Speed Reads

Playing politics

Trump's travel ban implementation was rocky, and a federal watchdog says DHS is hiding the details

In early October, the Department of Homeland Security's Office of Inspector General (OIG), an internal watchdog, completed an extensive report on the implementation of President Trump's original travel ban, Executive Order 13769, which in late January caught customs agents by surprise and led to people getting trapped at airports. But in a letter to lawmakers Monday, the OIG accused DHS leadership of intentionally delaying release of the report for more than six weeks, perhaps because the Trump administration insisted the travel ban rollout was "a massive success story ... on every single level."

As the OIG letter explains, DHS officials have indicated they may invoke "deliberative process privilege," an unusual response to this sort of report that would permit the agency to keep the document private. This is a troubling prospect, the letter says, because it "can mask discovery of decisions made based on illegitimate considerations, or evidence of outright misconduct." If DHS does invoke this privilege, it would "significantly hamper" the DHS watchdog's ability to keep Congress well-informed about the department's aims and activities.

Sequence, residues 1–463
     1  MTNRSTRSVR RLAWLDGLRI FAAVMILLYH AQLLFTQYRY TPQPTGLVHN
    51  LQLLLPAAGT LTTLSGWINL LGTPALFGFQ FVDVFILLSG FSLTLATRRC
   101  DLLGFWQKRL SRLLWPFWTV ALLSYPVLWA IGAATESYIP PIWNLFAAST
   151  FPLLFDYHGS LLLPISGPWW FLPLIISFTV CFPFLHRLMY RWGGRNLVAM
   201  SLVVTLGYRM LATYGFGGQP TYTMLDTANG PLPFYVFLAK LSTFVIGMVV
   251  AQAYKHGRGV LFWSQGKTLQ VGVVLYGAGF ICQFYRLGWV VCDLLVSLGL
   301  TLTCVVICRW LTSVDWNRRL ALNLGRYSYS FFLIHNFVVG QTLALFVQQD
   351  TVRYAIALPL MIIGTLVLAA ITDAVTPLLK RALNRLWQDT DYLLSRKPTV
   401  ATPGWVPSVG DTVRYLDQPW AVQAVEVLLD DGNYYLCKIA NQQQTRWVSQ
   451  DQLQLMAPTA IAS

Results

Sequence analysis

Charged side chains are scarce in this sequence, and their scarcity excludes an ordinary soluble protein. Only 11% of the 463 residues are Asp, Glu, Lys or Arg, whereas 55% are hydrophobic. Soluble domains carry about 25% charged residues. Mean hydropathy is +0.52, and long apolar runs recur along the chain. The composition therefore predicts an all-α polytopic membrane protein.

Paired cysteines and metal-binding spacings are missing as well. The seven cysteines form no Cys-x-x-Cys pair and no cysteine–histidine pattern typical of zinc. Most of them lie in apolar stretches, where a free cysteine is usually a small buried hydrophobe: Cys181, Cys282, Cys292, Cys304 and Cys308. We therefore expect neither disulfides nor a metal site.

Download the full letter here to read a partial summary of the report's findings, including the allegation that customs agents "violated two court orders" in the implementation process.